Kimberly Schlapman and Karen Fairchild were trying to make it in the competitive world of country music.
Kimberly Schlapman and Karen Fairchild were trying to make it in the competitive world of country music in Nashville, Tenn., when they suddenly had a revelation.
"Wouldnít it be more fun if we had good-lookiní boys in the band with us?" Fairchild said.
Jimi Westbrook and Phillip Sweet joined the two college friends, and in 1999, Little Big Town came to life.
"We got the cutest two in Nashville, and they can sing," Schlapman said.
Known for their harmonies, the band has had arguably the best 2012 of any in country music, with its single "Pontoon" rocketing to No. 1 on the country charts and numerous accolades following. They drew thunderous ovations while performing with Kelleigh Bannen, Josh Thompson and Dustin Lynch at the WRNS Guitar Pull last week at the Cherry Point base theater.
But the trip from fledgling band to country superstars was long. Their first record deal didnít produce, and their best single, "Donít Waste My Time," on their first album peaked at No. 33 in 2002.
Then, their record company folded, and the band members endured personal tragedies, including the deaths of family members and divorces.
Still, they persevered and in 2005 released their second album that produced top 10 hits "Boondocks" and "Bring It on Home."
After a 2007 release, Little Big Town came back in 2010 and scored a top 20 hit with "Little White Church."
But the release of the single "Pontoon" earlier this year struck a cord with many, and upon hearing Westbrook play just the first five characteristic notes of the song on his mandolin, the crowd at Cherry Point erupted into shouts and screams.
"We felt it should be the first single. We felt that comfortable about it, but you never know," Westbrook said of the success of the first song the band recorded for its fifth CD "Tornado" that was released in September. "None of that is a given, and we probably never would have dreamed that it was as big as it was. It was really a fun summer, thatís for sure."
Little Big Town had its first No. 1 hit, a song that resonated with large crowds as the band toured over the summer with super group Rascal Flatts.
Then just three weeks ago, Little Big Town earned its first ever Country Music Association awards. "Pontoon" won for single of the year and the band was named CMA vocal group of the year.
"I jumped on top of my chair and screamed so loud I think I ruined my voice," Sweet said of the awards. "We had the best time. I lost my mind."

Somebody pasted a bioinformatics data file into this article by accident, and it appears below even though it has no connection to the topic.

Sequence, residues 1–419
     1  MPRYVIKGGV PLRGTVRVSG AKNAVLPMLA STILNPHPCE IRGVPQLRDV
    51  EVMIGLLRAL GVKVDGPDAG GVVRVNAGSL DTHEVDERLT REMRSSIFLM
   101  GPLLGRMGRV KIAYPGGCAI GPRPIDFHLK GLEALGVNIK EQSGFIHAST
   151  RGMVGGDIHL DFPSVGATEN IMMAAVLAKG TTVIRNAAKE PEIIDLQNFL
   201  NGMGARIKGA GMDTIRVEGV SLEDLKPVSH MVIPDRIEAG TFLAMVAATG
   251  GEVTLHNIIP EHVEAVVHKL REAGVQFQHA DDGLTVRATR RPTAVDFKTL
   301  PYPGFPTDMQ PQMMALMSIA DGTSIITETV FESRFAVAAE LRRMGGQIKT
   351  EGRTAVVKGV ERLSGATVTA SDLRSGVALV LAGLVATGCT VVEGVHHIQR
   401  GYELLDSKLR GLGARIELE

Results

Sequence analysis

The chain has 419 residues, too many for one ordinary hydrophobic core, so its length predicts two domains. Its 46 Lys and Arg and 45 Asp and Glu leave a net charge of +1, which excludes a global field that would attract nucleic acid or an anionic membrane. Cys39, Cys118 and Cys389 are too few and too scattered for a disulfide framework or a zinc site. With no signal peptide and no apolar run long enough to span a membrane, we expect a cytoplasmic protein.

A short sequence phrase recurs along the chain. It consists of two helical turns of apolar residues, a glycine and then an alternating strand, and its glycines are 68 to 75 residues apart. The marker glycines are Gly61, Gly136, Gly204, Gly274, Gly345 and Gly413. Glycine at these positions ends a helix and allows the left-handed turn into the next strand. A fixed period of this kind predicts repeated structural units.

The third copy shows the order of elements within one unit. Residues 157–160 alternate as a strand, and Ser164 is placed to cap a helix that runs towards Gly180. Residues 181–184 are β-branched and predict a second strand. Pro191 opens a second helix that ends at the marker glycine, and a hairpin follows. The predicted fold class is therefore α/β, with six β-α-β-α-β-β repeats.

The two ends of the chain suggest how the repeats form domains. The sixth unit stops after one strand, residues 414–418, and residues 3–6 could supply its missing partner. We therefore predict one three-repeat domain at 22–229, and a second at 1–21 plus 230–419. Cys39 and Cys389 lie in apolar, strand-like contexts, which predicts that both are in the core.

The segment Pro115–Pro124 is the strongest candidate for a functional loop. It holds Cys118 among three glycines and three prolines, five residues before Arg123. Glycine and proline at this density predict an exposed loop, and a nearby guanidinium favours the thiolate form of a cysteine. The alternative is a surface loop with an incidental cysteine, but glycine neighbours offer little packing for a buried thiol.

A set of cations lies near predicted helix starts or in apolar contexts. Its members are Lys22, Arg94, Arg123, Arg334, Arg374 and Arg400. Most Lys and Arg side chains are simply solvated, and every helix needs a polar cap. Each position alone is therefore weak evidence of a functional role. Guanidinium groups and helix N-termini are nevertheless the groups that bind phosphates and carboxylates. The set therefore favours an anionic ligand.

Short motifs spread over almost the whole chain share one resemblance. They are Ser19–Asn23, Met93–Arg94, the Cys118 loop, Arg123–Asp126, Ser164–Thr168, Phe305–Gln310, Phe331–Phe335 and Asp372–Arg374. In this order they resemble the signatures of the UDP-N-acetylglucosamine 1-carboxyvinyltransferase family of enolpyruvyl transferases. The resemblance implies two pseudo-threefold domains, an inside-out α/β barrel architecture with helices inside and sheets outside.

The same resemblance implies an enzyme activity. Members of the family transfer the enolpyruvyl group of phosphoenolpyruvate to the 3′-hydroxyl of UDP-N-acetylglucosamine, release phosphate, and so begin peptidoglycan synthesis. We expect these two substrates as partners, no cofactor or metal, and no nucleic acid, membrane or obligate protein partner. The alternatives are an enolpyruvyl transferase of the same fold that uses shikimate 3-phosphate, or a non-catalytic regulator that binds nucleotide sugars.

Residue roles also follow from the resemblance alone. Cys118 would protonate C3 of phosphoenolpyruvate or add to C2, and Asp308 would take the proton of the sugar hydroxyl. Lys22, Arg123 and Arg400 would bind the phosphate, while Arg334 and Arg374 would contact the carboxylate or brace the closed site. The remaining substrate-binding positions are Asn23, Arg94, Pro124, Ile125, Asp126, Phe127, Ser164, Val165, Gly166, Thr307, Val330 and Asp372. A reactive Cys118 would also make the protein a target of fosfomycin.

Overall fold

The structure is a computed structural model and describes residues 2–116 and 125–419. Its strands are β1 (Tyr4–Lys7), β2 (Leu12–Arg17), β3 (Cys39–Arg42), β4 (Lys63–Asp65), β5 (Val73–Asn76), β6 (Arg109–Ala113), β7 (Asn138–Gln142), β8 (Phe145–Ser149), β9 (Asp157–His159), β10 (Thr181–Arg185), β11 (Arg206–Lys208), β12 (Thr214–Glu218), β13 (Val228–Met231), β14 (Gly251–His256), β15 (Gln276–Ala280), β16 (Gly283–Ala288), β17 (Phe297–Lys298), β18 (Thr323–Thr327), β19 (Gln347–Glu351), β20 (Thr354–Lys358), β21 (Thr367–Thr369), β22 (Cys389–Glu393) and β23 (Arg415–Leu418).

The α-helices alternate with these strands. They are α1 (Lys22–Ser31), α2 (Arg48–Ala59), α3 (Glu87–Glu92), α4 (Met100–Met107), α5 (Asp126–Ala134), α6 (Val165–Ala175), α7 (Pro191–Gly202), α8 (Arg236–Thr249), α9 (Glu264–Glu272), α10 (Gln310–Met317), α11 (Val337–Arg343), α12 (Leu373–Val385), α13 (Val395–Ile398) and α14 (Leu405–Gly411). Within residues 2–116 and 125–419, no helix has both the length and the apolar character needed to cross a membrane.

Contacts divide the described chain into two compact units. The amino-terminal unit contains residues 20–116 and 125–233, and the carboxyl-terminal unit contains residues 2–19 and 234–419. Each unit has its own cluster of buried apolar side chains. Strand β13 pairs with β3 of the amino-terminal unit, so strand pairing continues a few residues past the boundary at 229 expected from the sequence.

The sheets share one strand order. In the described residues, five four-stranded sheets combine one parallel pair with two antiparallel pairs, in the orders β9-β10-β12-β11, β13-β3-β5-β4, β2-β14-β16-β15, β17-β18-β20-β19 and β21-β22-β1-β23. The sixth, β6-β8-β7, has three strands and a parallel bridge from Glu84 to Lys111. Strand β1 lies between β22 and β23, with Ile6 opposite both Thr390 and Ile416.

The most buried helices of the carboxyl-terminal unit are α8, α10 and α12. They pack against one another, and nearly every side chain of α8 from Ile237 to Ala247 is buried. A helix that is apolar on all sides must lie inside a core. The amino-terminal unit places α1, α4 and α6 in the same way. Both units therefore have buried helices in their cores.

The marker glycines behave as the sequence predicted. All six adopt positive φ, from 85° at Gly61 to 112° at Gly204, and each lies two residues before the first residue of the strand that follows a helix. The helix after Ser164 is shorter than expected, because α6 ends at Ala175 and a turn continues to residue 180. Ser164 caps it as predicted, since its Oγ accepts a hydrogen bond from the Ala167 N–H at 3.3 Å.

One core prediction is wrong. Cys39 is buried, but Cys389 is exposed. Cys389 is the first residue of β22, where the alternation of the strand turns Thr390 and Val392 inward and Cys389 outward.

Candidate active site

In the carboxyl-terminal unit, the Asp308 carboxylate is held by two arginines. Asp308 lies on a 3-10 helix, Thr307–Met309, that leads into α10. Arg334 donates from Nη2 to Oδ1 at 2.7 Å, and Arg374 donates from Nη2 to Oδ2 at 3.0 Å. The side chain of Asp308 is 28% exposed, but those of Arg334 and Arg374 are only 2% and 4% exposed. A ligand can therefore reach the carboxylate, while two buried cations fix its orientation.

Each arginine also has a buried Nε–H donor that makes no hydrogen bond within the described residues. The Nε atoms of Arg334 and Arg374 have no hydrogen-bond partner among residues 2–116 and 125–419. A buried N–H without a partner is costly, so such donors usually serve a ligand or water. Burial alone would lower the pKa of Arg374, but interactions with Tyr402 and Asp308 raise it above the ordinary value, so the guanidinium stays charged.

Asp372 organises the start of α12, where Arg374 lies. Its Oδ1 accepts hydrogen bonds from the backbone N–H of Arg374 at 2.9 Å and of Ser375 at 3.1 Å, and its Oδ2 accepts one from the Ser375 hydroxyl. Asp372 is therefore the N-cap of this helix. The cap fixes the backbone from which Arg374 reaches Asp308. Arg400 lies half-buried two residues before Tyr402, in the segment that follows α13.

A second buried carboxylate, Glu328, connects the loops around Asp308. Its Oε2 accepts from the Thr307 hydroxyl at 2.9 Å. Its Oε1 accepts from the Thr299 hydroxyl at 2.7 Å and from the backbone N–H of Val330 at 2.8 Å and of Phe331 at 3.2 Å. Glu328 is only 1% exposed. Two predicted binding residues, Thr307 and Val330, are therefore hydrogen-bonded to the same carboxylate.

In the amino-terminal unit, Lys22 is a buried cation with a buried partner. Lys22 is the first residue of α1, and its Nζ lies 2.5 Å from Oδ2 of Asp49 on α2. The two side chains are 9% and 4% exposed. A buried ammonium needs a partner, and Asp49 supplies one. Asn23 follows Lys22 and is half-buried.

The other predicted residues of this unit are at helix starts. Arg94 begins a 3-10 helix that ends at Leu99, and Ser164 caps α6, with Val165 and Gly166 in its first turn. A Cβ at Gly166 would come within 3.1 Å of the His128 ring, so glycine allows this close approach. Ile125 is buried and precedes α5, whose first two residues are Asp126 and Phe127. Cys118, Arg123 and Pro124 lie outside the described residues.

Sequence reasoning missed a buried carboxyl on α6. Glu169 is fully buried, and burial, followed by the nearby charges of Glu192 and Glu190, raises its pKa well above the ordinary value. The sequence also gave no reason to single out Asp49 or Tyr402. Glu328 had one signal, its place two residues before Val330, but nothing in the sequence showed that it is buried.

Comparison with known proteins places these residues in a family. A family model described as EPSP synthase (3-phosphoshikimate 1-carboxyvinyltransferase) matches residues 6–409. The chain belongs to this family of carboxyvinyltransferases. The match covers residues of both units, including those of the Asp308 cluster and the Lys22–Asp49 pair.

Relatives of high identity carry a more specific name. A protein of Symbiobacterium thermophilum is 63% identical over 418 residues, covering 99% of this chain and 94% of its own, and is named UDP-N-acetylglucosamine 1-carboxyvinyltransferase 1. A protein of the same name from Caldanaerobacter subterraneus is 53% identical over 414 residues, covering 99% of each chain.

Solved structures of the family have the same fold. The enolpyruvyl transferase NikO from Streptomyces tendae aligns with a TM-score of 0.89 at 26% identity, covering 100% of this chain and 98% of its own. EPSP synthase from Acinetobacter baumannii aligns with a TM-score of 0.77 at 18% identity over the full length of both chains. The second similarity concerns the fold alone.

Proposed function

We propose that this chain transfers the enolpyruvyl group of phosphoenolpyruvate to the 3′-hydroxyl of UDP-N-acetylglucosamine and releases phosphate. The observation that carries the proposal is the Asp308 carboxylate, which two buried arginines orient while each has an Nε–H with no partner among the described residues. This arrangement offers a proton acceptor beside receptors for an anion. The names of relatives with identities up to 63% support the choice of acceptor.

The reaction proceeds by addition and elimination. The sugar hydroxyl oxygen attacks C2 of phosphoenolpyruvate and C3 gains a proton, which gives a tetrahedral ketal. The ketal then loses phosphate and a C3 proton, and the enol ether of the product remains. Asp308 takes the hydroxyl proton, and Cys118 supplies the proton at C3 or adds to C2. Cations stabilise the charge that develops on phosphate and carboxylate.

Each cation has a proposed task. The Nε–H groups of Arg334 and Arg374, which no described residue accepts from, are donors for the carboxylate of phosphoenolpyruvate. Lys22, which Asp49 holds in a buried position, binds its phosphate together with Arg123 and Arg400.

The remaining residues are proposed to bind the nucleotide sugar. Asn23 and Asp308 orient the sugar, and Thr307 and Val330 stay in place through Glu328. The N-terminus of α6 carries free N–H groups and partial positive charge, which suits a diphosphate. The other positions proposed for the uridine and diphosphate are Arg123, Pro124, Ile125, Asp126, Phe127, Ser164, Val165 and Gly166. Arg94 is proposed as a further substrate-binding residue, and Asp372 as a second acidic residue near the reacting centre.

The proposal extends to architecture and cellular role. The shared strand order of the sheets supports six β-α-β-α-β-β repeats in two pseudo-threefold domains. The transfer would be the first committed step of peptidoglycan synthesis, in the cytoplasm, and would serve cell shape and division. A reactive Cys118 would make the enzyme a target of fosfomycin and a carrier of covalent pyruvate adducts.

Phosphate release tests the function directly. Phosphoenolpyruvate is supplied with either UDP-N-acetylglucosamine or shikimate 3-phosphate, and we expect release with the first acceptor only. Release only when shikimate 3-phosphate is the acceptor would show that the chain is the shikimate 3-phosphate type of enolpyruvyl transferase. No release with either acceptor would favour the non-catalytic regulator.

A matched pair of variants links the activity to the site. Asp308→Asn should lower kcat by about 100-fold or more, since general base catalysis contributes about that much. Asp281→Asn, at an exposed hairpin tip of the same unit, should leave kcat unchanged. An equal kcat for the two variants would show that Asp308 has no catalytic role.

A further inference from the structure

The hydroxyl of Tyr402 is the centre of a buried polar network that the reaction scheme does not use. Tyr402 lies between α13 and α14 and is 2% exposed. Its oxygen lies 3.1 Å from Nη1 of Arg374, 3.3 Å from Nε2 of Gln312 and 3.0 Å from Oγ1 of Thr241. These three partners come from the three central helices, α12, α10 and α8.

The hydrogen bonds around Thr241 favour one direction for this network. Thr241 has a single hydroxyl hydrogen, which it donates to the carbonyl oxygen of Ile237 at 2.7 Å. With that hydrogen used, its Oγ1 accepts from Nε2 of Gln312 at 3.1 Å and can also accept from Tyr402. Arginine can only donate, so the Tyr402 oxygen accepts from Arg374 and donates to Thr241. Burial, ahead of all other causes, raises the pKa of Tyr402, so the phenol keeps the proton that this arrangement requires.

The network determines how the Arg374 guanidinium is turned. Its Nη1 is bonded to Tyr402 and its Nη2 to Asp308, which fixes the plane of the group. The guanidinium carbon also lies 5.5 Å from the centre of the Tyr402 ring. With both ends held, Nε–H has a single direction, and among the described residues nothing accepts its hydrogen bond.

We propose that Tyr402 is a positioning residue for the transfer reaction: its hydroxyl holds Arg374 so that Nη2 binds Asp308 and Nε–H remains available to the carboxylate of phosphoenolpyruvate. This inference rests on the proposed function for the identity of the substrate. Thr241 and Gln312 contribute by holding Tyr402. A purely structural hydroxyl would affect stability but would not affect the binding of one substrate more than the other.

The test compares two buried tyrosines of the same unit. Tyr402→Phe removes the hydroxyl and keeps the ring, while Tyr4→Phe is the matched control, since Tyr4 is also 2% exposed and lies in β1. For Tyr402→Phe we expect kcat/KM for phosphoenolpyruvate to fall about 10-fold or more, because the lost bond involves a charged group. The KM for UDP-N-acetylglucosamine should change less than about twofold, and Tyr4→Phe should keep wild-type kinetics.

Westbrook said the band is still celebrating.
"It was an incredible night," he said. "Weíve been on cloud nine ever since."
The bandís latest single, "Tornado," showcases the groupís vocal harmonies and is steadily climbing the country music charts.
"We canít believe it," Sweet said of the singleís success. "Itís just really fun to watch that happen. Weíre excited."
But the band isnít resting on that success, playing one night at the Grand Ole Opry in Nashville, Tenn., and the next at Cherry Point in front of 1,701 people, many of whom were Marines and sailors.
"We love playing shows for the men and women who work harder than anybody," Fairchild said, adding the group had just played on the USS Bataan as part of the inaugural Navy/Marine Corps Classic basketball game on Nov. 9. "We get the pleasure of doing it several times a year, and itís the best shows we ever play. These are our favorite nights for sure."
Little Big Town will be headlining its own tour for the first time this spring, with concert dates running from the end of January through July, when the quartet will then join Keith Urban for a summer tour, which includes a stop in Raleigh on July 26.
"Weíre going to work this record to death," Fairchild said.
But for the band, itís a good kind of work as they bask in the recent success and think about the long road to it.
"Itís been an amazing journey," Schlapman said. "Weíve hit every high and every low you can imagine, but itís brought us to where we are today. It took us 13 years to get our first No. 1 record and that was a long time, but I think if it had been a different road, it would not have been as sweet as it is right now. Weíre just incredibly thankful and we wouldnít trade a minute of it."